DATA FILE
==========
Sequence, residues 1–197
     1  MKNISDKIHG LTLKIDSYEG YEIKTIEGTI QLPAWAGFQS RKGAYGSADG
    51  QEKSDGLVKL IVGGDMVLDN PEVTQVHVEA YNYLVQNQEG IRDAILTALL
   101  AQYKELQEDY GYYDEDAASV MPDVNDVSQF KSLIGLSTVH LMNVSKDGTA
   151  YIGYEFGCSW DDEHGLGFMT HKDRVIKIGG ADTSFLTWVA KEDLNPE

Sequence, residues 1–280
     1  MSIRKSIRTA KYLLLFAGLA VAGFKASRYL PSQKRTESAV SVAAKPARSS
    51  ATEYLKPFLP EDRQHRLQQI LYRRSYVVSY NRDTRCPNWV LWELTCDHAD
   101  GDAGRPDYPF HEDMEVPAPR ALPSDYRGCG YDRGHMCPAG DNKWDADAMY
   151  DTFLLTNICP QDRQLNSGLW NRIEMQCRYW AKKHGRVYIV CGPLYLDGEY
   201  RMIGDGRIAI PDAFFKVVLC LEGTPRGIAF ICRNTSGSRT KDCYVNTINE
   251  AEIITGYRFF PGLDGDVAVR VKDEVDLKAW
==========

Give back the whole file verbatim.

Sequence, residues 1–197
     1  MKNISDKIHG LTLKIDSYEG YEIKTIEGTI QLPAWAGFQS RKGAYGSADG
    51  QEKSDGLVKL IVGGDMVLDN PEVTQVHVEA YNYLVQNQEG IRDAILTALL
   101  AQYKELQEDY GYYDEDAASV MPDVNDVSQF KSLIGLSTVH LMNVSKDGTA
   151  YIGYEFGCSW DDEHGLGFMT HKDRVIKIGG ADTSFLTWVA KEDLNPE

Sequence, residues 1–280
     1  MSIRKSIRTA KYLLLFAGLA VAGFKASRYL PSQKRTESAV SVAAKPARSS
    51  ATEYLKPFLP EDRQHRLQQI LYRRSYVVSY NRDTRCPNWV LWELTCDHAD
   101  GDAGRPDYPF HEDMEVPAPR ALPSDYRGCG YDRGHMCPAG DNKWDADAMY
   151  DTFLLTNICP QDRQLNSGLW NRIEMQCRYW AKKHGRVYIV CGPLYLDGEY
   201  RMIGDGRIAI PDAFFKVVLC LEGTPRGIAF ICRNTSGSRT KDCYVNTINE
   251  AEIITGYRFF PGLDGDVAVR VKDEVDLKAW